I'm getting following compile error

OrderedList.cc: In member function `std::string OrderedList::find(std::string&, std::string&, int&)':
OrderedList.cc:133: error: invalid conversion from `int' to `const char*'
OrderedList.cc:133: error: initializing argument 1 of `std::basic_string<_CharT, _Traits, _Alloc>::basic_string(const _CharT*, const _Alloc&) [with _CharT = char, _Traits = std::char_traits<char>, _Alloc = std::allocator<char>]'

OrderedList.cc looks like this

string OrderedList::find(string& w, string& d, int& s)
{
  keyValue* p = head;
  if(p != NULL)
    {
      w = p->word;
      d = p->definition;
      head = p->next;

      if(head == NULL)
	{
	  s = 0;
	  return(w, d, s);
	}
      else
	{
	  return(w, d, 1);
	}
    }//end p !=NULL
 
 else
    {
      return(w, d, 0);
    }
}//end find

and its called by following function

void dynamicHTable::sorted()
{
  string word = NULL;
  string definition = NULL;
  int status = 0;

  for(int i = 0; i < TABLE_SIZE-1; i++)
    {
      dHTable[i].find( word, definition, status);
      if (status ==1)
	{
	  do{
	    Table.insert(word, definition);
	    dHTable[i].find( word, definition, status);
	  }while(status ==1);
	}//if ebd
    }//for end
}//sorted end

You can only return a single item using a return statement. In the function definition you indicate that find will return a string. In the return statement you appear to be trying to return two strings and an int. It may work, but I doubt it. The compiler appears to be complaining that you are trying to return an int when it is expecting a string and it can't find a conversion from int to string.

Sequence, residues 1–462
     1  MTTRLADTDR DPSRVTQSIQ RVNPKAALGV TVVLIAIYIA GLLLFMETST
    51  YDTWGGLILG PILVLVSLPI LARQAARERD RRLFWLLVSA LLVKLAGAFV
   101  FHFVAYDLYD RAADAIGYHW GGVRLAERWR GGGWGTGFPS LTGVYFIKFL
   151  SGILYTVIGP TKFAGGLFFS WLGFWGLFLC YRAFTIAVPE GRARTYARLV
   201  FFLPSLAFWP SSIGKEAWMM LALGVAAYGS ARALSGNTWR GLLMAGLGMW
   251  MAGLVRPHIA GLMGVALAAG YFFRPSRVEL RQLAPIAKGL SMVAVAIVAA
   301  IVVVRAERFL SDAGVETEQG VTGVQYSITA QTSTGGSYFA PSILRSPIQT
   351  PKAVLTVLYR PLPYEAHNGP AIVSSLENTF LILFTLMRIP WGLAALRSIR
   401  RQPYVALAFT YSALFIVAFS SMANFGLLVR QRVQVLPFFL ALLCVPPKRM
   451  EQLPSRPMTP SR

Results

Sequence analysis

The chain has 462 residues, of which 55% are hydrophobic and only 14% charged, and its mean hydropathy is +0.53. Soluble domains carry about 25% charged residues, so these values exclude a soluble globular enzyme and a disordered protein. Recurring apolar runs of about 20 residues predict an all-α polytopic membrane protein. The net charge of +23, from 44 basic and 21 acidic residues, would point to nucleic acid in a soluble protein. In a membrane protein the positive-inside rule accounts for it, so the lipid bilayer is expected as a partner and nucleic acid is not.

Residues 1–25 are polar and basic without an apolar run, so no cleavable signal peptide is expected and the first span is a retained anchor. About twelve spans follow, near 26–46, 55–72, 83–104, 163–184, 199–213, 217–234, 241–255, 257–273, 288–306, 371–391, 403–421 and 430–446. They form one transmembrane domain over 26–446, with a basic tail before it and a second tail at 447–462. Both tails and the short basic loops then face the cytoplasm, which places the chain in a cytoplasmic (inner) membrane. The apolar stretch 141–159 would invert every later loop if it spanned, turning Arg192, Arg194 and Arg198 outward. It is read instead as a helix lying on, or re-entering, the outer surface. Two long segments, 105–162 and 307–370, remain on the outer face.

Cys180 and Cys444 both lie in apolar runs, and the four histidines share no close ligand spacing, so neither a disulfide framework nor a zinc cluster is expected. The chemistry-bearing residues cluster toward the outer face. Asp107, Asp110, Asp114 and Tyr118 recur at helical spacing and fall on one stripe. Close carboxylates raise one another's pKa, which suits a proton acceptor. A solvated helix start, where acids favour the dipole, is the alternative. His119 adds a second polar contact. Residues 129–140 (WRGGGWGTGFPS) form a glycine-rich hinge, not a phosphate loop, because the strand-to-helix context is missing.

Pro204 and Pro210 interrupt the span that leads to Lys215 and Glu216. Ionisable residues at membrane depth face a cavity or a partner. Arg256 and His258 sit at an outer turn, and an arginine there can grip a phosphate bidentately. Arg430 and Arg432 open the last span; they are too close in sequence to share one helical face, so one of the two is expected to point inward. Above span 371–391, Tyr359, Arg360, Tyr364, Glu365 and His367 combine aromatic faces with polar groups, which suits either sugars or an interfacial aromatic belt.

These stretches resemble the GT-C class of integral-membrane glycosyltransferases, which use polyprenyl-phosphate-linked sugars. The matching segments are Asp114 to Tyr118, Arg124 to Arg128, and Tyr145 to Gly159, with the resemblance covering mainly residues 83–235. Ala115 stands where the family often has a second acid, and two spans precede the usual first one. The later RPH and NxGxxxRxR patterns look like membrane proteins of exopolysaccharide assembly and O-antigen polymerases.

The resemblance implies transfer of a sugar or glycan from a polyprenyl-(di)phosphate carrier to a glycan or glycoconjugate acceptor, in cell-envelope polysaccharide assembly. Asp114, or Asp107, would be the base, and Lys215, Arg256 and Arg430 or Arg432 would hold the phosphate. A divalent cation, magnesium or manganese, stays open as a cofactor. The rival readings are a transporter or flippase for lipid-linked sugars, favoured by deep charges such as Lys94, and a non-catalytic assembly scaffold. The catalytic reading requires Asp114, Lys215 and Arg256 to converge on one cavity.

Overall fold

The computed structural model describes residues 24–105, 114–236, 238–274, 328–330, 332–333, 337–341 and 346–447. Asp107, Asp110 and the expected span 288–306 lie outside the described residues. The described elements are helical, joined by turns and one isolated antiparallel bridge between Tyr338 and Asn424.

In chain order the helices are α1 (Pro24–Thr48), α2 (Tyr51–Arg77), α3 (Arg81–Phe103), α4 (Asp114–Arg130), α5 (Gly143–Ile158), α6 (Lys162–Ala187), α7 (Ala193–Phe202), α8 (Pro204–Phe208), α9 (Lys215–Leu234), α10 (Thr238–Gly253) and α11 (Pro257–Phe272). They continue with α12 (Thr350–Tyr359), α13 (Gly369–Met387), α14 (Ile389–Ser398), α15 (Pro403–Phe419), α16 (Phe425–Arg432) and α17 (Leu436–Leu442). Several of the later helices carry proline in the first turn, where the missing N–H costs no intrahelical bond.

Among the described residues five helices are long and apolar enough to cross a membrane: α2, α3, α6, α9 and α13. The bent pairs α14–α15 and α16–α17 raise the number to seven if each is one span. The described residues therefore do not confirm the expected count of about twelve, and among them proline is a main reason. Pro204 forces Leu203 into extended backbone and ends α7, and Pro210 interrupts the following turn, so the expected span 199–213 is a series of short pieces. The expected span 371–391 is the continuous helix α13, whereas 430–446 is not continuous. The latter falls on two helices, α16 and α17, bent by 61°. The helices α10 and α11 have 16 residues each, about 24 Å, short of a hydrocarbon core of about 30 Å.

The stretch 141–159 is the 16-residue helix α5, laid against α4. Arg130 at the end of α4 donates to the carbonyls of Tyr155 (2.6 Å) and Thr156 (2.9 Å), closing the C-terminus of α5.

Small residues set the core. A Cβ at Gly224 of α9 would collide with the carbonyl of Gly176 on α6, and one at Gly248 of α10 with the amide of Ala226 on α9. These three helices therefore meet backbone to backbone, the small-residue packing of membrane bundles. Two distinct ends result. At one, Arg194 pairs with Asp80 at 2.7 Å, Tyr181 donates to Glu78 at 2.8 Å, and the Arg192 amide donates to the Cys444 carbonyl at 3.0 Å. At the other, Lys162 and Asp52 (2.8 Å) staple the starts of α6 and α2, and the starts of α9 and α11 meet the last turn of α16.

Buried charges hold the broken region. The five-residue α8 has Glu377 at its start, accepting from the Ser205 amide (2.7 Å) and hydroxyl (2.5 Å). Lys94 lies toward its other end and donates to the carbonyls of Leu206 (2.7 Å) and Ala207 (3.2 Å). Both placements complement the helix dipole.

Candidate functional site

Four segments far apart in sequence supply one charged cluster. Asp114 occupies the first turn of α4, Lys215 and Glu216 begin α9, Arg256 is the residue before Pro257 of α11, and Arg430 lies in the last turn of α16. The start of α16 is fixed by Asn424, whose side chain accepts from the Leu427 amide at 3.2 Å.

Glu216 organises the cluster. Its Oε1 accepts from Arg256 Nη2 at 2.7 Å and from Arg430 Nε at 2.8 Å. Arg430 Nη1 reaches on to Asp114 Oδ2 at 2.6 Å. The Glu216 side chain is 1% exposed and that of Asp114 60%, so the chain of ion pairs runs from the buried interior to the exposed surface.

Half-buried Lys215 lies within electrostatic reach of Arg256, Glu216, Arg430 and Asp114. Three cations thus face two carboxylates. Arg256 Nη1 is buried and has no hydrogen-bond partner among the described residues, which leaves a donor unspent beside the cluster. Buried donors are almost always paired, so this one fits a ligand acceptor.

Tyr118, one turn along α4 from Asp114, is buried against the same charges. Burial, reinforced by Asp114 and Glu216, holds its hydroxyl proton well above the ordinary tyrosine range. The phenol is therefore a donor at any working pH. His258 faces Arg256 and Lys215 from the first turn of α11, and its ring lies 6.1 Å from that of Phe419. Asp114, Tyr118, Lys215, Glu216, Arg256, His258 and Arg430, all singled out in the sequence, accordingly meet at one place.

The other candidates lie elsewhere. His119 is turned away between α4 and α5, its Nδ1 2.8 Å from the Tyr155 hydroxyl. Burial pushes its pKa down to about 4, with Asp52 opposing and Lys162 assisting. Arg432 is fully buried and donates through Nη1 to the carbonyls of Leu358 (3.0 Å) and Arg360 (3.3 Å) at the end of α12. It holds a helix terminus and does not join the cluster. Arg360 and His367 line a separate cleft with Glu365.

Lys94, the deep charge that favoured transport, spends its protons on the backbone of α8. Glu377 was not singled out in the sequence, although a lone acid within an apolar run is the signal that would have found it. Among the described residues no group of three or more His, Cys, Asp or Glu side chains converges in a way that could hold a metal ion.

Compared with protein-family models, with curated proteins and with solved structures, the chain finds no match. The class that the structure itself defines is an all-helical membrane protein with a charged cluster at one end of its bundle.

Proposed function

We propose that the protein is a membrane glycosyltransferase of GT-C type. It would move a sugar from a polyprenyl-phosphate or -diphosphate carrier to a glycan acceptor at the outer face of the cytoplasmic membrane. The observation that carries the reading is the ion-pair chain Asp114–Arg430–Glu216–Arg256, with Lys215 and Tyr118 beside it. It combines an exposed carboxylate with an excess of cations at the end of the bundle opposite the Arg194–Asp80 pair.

In addition, w, d, and s are passed by reference so any changes to their value is automatically reflected in the calling function so you don't need to return the values in the return statement?

You can only return a single item using a return statement.

Lol, who told you this. You can return as many values as you wish. Only have to configure recive function to store more than one value

I did small change to this find function so looks like this

string OrderedList::find(string& w, string& d, string& s)
{
  keyValue* p = head;
  if(p != NULL)
    {
      w = p->word;
      d = p->definition;
      head = p->next;

      if(head == NULL)
	{
	  s = 'n';
	  return(w, d, s);
	}
      else
	{
               s = 'y';
	  return(w, d, s);
	}
    }//end p !=NULL
 
 else
    {
      s = 'n';
      return(w, d, s);
    }
}//end find

and updated function sorted

void dynamicHTable::sorted()
{
  string word;
  string definition;
  string status;

  for(int i = 0; i < TABLE_SIZE-1; i++)
    {
      dHTable[i].find( word, definition, status);
      if (status == "y")
	{
	  do{
	    Table.insert(word, definition);
	    dHTable[i].find( word, definition, status);
	  }while(status == "y");
	}//if ebd
    }//for end
}//sorted end

No more error messages. Well if somebody know smarter implementation let me know :cheesy:

>> You can return as many values as you wish.

admittedly, I don't own a copy of the standard, but at least one "reasonably" respected author, J Liberty in "Teaching yourself C++ in 24 days", and the only "author" I have available to rely on besides prior experience, repeatedly indicates that functions can only return a single value using the a return statement. I have also encountered this concept from multiple other discussions when describing why passing by reference is so useful and why you can't return an array and why you might want to bundle multiple return values into an instance of a struct/class and return it, etc.

As I am not a guru or an expert I'd appreciate other input into the "debate".

It appears that the program will compile with multiple variables in the return statement. However, all I got back was the last variable. So, with

return(d, w, s);

only the "s" was returned. I used Visual Studio 6.

Try running this code...it will make it clear

#include <iostream>

int main()
{	
	int number;
	number=(1,2,3);
	std::cout<<number;
        number=1,2,3;
	std::cout<<number;
	
	return 0;
}
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